Critical voice Articles
Habitus as Topic and Tool in Youth Work
by Dr Dean Farquhar
There is a vast body of literature offering youth workers guidance on how they ought to structure their practice. However, this guidance tends to coalesce around contested normative principles that can be differentially applied. Whilst this elaboration of principles usefully establishes the boundaries of a practitioners’ ethos, its precise relevance to the realm of practice is more ambiguous than is often implied. This paper contends that deploying habitus as a pedagogical tool can help youth workers come to a more sophisticated understanding of the interplay between normative concerns and the exigencies of practice. The paper begins by setting out the limits to youth work principles in guiding youth work practice. It then introduces the concept of habitus and explains its merits as a pedagogical tool in youth work.
The Limits to Youth Work Principles
Attempts to define the constitutive principles of youth work are often tied to a wider project of delineating youth work as a distinctive social process that makes a particular contribution to the lives of young people (Harland et al., 2005). This has meant that the principles of youth work have tended to have a dual function as forms of guidance for practitioners and weapons they may call upon to legitimate their practice. In fulfilling this dual function, the principles of youth work have become the means through which some have sought to distinguish ‘authentic’ youth work practice (see Jeffs & Smith, 2008). Supposed breaches of youth work principles can therefore leave practitioners vulnerable to charges that their practice is inauthentic or simply does not qualify as youth work. However, how youth work principles should be applied is not universally agreed. The elaboration of such principles may usefully establish the boundaries of a practitioners’ ethos, but how that ethos should guide youth work interventions remains an open question to be addressed through practice.
Cooper (2018) provides a useful account of some of the practical limits to youth work principles. They identify consensus around the following principles:
A focus on young people’s lives and their concerns;
Attending to the social connection and the context of young people’s lives;
Positive regard and processes for working through supportive friendly relationships;
A holistic approach to working with young people that includes;
an ethic of care and concern for the flourishing of young people;
facilitation of youth participation, rights and social justice;
acting with integrity
Warning against tendencies to rigidly define the voluntary and youth mandated engagement principles of youth work, Cooper points to the limitations of these principles in practice and urges workers to:
Maximise the possibility of voluntary participation, but be aware of how a lack of alternatives may limit young people’s real choice;
Respond to a mandate from the young person, but be explicit with young people about any limitations to their mandate imposed by particular youth work contexts.
Read the full article here
Taking Boys Seriously: Young men, masculinities and boys as relational learners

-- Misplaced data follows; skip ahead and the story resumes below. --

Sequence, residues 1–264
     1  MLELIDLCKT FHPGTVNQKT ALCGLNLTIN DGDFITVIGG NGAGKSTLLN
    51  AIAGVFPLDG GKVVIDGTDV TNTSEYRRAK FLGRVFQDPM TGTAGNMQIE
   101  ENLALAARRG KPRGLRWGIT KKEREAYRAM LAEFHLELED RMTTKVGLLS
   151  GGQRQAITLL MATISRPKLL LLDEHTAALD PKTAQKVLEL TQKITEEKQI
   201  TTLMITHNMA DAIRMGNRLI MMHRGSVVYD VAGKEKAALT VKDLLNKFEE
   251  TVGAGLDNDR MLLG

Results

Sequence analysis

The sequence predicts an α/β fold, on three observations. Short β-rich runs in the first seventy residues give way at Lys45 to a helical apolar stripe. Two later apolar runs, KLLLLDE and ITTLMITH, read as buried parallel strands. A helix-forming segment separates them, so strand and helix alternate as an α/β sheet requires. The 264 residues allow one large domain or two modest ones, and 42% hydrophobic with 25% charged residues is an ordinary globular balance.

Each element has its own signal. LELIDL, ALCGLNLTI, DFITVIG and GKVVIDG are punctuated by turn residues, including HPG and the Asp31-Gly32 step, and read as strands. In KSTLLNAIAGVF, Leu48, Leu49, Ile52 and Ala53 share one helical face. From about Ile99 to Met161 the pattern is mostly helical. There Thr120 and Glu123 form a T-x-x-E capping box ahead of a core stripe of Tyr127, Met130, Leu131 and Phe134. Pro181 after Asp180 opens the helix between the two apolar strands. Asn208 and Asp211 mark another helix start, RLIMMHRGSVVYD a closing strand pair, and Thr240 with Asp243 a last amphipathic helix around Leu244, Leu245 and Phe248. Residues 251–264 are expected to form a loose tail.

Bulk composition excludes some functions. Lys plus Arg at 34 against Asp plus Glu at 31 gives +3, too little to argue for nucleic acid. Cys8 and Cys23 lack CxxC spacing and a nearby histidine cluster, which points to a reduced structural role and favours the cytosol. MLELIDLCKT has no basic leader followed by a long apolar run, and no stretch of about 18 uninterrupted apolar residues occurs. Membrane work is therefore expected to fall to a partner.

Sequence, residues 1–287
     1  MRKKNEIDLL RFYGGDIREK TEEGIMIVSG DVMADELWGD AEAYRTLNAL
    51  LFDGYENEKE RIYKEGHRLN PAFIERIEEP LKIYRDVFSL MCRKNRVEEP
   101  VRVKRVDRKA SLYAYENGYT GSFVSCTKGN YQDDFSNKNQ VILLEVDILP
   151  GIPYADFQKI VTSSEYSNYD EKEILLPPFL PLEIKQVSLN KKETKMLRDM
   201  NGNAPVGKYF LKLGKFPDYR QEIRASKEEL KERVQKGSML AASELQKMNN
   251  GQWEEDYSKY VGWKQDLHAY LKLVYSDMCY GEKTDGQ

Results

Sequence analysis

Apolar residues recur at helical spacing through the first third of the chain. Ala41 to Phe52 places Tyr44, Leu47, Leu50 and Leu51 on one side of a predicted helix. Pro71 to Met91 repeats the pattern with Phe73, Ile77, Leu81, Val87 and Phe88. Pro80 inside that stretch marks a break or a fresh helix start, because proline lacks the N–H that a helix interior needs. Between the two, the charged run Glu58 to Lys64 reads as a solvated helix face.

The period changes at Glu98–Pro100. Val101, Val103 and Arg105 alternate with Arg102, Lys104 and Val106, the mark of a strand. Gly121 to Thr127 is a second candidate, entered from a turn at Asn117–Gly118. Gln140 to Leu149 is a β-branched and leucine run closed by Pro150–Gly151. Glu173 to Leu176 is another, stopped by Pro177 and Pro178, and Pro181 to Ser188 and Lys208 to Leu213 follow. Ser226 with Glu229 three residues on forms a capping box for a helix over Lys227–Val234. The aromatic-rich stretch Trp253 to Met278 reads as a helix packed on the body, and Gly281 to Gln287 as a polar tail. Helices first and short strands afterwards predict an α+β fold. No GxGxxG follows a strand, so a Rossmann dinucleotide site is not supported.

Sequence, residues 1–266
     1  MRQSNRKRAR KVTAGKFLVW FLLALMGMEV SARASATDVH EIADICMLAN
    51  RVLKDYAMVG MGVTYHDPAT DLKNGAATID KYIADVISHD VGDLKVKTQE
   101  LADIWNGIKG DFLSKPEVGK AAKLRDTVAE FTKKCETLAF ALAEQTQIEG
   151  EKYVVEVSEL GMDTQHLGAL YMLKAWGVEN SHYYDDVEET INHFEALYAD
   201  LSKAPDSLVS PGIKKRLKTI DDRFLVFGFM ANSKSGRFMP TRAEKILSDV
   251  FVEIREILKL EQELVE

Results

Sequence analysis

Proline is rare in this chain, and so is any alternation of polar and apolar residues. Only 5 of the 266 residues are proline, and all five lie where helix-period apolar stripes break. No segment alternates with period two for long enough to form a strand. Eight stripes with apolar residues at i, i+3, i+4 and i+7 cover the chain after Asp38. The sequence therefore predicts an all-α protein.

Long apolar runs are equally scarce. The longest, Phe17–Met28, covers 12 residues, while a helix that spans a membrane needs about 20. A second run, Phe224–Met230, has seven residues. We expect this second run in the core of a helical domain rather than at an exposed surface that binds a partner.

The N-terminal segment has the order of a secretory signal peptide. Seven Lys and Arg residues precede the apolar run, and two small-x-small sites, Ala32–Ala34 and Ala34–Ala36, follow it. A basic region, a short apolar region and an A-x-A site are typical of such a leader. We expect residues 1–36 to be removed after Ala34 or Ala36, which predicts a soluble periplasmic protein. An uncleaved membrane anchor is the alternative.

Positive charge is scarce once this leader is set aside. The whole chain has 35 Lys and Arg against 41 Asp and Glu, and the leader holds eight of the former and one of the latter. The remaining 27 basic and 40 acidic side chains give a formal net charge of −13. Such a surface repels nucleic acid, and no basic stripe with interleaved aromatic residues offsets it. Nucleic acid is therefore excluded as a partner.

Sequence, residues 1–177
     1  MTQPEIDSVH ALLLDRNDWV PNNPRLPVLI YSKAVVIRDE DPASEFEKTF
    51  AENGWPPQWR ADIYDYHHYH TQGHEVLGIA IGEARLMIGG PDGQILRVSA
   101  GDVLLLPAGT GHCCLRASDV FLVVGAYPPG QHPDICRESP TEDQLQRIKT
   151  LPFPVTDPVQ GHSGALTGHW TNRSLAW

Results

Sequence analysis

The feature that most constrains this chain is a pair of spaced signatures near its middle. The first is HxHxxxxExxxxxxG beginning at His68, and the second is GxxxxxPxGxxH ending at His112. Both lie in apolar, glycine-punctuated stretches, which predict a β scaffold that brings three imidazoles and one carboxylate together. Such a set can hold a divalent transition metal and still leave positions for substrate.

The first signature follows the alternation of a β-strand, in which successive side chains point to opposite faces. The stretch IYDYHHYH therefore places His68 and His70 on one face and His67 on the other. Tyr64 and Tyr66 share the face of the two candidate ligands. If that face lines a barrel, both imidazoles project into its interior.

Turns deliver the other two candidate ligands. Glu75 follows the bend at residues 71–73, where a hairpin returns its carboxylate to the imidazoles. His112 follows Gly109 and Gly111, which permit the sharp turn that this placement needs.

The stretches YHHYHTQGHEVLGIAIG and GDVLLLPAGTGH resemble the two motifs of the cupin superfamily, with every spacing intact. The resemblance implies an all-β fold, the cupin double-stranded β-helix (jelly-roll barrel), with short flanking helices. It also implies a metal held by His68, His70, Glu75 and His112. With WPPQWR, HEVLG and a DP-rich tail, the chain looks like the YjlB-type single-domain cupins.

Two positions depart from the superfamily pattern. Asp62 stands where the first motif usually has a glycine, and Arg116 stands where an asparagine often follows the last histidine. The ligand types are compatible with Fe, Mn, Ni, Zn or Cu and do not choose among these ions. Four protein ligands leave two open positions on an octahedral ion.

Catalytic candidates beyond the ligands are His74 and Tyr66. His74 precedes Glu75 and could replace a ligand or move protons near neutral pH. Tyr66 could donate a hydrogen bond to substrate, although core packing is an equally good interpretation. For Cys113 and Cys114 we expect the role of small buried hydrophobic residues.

by Andy Hamilton
Boys from working class backgrounds consistently experience inequality of educational outcomes (Harland and McCready, 2012; Leitch et al., 2017; Purdy et al., 2021). This intersectionality of gender and class calls for critical reflection on the types of interventions and ways of working with boys that enable them to flourish as they learn. Ulster University in partnership with the Council for Catholic Maintained Schools (CCMS), Controlled Schools’ Support Council (CSSC) and YouthAction Northern Ireland (YANI) are examining collaborative and assets-based approaches to addressing this systemic issue. This article draws on findings from an ongoing longitudinal study that originated in 2006 - Taking Boys Seriously (TBS). The research works alongside educators, boys and young men to inform policy, pedagogy and practice developments that address the gender attainment gap. The current phase of the research (2018-2023) is funded by Ulster University’s Widening Access and Participation department and includes an emphasis on supporting young men from working class communities to access and succeed in higher education.
Read the full article here
by Debs Erwin & Gail Neill
While we have undoubtedly missed out on a lot this last 18 months, the online world that has developed because of Covid restrictions has opened some new opportunities that previously might not have been possible (due to cost, time, or location). Personally, I (Gail) have been able to dip into and experience conferences, talks, and events on a global scale. Hearing new and innovative research, engaging with those whose material I’d only ever read and discussing areas of interest with a board range of practitioners and academics has been incredibly motivating during what would otherwise have been a very isolating and demotivating time.
A couple of weeks I bumped into local freelance youth consultant, Debs Erwin, as we attended the online Rethinking Impact conference hosted by Tania de St Croix and Louise Doherty. The research they presented, and the subsequent workshops and discussion sparked so many ideas that Debs and I caught up afterwards to continue to unpack what we’d heard. While we highly recommend that you engage directly with the material, we also wanted to share our own reflections on the day and some of the challenges and opportunities this raises for local youth work. Read our reflection here